back to article Telstra to KILL 2G network by end of 2016

Telstra has announced, with an ever-so-modern blog post, that it will kill off its 2G network by the end of 2016. Telstra says 2G traffic now accounts for less than one per cent of its traffic, and that it stopped selling 2G handsets a couple of years ago. The carrier's group MD for networks Mike Wright says he can't imagine …

  1. John Tserkezis

    "By 2016, you'd imagine just about every mobile phone owner will get that message. You'd also imagine that Telstra, of all companies, should be able to find a way to reach its customers to tell them the news."

    Really? No, really? Do you really think, going on past experience, that Telstra is going to do any more than merely lift a finger to let their users know?

  2. MrDamage

    Bollocks to buying a new phone.

    "Telstra says 2G traffic now accounts for less than one per cent of its traffic.."

    Given that with 3g/4g, they only claim to cover 99% of the Australian population, maybe they should increase that number to 100% before killing off 2g.

    Not to mention I have lost count of the amount of times Ive been forced to clock my phone back to GSM in order to boost the signal enough to be able to make phone calls* when in remote or regional areas.

    *Sure, I can still make phone calls when on 3g/4g, but they sound something like;

    "Hel....I'.......ing.....ut......serv.....re.......oh fo.....cks sa....."

  3. jjcoolaus

    They will send SMS

    Previous communications, such as the shutdown of the 3GIS network it purchased from 3, was done over SMS to affected phone services and this will be no different.

    Also, Telstra's 3G network maps tend to be a bit conservative. A "blue tick" phone (that is one recommended for rural coverage) can often get reception on areas where the map shows they should have none.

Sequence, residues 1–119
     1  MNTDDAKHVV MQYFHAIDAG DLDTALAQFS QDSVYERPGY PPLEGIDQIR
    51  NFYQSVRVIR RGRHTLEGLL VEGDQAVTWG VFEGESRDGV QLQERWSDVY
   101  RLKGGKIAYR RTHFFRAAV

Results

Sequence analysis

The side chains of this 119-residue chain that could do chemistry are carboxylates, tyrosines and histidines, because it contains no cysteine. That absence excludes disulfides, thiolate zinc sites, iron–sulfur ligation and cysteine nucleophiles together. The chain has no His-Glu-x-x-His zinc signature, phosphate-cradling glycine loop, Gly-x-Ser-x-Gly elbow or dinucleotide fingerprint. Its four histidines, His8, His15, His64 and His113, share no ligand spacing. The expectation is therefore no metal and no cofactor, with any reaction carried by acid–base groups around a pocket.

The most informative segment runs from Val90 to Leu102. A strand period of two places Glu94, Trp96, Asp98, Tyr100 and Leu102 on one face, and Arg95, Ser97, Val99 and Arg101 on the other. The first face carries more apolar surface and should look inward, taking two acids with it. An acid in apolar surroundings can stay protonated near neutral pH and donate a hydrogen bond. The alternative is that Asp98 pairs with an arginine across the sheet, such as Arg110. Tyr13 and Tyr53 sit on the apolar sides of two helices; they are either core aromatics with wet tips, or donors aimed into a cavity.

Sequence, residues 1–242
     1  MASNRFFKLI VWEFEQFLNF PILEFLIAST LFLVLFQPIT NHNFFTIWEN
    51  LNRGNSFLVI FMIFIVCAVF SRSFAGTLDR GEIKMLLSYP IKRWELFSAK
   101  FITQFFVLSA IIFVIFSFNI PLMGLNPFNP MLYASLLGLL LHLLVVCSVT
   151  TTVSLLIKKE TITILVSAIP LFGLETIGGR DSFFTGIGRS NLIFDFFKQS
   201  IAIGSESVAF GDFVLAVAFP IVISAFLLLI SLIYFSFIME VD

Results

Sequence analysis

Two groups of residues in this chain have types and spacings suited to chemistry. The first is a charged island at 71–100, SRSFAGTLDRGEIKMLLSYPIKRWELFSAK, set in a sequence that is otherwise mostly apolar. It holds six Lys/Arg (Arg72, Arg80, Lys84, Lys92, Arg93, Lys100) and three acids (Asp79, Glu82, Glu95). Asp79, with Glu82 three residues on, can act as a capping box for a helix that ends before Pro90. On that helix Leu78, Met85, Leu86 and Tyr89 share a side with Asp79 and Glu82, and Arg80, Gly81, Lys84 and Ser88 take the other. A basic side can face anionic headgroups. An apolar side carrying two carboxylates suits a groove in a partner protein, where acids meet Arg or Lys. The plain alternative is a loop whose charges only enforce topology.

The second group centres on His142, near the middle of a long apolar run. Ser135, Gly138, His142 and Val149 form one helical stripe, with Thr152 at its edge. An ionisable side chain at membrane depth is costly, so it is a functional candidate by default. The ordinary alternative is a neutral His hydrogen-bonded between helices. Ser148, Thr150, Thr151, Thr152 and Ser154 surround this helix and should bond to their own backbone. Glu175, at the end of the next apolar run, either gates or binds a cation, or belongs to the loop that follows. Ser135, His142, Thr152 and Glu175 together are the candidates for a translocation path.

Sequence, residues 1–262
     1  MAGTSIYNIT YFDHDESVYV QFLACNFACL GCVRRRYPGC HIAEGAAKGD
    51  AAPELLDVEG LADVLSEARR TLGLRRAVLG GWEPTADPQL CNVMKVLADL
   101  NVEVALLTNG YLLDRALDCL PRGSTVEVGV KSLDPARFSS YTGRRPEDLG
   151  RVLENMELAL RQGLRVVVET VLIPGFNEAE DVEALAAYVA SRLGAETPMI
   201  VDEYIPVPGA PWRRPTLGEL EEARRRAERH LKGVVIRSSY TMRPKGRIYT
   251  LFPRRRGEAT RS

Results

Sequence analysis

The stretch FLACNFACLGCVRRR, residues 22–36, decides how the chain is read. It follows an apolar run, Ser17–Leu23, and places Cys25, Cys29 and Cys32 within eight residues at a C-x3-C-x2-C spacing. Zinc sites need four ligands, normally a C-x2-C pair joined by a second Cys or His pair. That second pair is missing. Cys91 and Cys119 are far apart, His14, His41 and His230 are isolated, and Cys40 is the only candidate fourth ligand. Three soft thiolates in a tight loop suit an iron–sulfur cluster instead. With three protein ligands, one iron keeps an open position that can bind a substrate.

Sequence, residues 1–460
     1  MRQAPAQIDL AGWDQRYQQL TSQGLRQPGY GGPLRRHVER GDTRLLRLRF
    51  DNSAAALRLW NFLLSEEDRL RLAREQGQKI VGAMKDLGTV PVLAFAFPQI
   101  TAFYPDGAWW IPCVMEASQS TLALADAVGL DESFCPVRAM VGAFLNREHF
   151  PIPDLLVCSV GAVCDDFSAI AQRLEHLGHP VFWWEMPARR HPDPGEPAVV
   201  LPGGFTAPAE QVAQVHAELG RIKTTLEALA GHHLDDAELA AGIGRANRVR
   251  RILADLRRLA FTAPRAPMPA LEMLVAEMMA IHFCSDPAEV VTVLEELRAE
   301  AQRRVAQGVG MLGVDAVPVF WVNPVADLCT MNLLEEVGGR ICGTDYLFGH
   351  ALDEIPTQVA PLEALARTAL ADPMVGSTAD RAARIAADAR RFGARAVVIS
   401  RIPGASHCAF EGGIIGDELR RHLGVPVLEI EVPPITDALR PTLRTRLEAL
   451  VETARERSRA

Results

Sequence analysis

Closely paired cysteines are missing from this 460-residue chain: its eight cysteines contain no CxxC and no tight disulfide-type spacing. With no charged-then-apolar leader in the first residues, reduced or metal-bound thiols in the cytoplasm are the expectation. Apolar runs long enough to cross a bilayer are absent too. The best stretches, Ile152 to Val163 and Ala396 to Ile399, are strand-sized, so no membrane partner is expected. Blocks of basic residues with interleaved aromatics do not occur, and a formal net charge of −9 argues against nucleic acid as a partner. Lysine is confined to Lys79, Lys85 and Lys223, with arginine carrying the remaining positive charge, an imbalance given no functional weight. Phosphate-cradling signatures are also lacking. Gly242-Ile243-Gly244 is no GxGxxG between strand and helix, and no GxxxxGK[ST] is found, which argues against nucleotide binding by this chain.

There are not very many areas where 2G at 900mhtz works but 3G at 850mhtz does not. For the less than 0.5% of the population that might apply to, a few extra towers can be built, or new antennas added to existing sites.

    This shutdown is nowhere near as significant as the shut down of CDMA was, or the shut down of AMPS (analogue) before that.

    There is a 3rd option not mentioned in the article - those affected could move to Optus. Optus has the largest 2G network in Australia - it is geographically much bigger than Telstra's because since 2005 Telstra has been pouring all new money into 3G and Telstra's 3G network now covers over 2.3 million square kilometres.

    1. Greg Alexander

      Re: They will send SMS

      It would be good if all 3 networks could agree on keeping a single 2G channel open, but I doubt it's worth it in the end. In the meantime, roaming to Optus 2G does make sense if Optus is willing, though it might be cheaper to buy the last 2G customers a new phone.

      I'm more interested in what Telstra will do with their 900Mhz. I presume it'll go LTE-A though handsets will be rarer. Vodafone and Optus both use 3G 900Mhz in some areas which is common in handsets.

  4. ops4096

    Ve haf vays of making you our spy

    In news just to hand the government has passed legislation requiring all good citizens to carry government data harvesting terminals at all times. For their own safety and the greater good only of course.

  5. Anonymous Coward
    Anonymous Coward

    Mobile EFTPOS terminals

    There's still quite a significant number of 2G mobile EFTPOS terminals kicking around across a number of banks. I guess there'll be a fairly significant number of upgrades going on around the place in the next 12 months.

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